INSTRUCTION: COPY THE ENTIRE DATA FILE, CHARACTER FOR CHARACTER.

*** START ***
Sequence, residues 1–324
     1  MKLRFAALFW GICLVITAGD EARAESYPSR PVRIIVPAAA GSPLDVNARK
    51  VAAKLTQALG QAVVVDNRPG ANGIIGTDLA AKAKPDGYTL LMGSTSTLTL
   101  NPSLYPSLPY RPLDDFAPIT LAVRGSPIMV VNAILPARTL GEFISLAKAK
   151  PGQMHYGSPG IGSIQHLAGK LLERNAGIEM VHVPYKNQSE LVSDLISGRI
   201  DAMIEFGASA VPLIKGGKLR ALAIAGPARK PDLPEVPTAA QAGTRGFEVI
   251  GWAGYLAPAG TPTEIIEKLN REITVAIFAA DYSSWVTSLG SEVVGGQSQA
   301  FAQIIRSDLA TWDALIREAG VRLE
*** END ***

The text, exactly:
Sequence, residues 1–324
     1  MKLRFAALFW GICLVITAGD EARAESYPSR PVRIIVPAAA GSPLDVNARK
    51  VAAKLTQALG QAVVVDNRPG ANGIIGTDLA AKAKPDGYTL LMGSTSTLTL
   101  NPSLYPSLPY RPLDDFAPIT LAVRGSPIMV VNAILPARTL GEFISLAKAK
   151  PGQMHYGSPG IGSIQHLAGK LLERNAGIEM VHVPYKNQSE LVSDLISGRI
   201  DAMIEFGASA VPLIKGGKLR ALAIAGPARK PDLPEVPTAA QAGTRGFEVI
   251  GWAGYLAPAG TPTEIIEKLN REITVAIFAA DYSSWVTSLG SEVVGGQSQA
   301  FAQIIRSDLA TWDALIREAG VRLE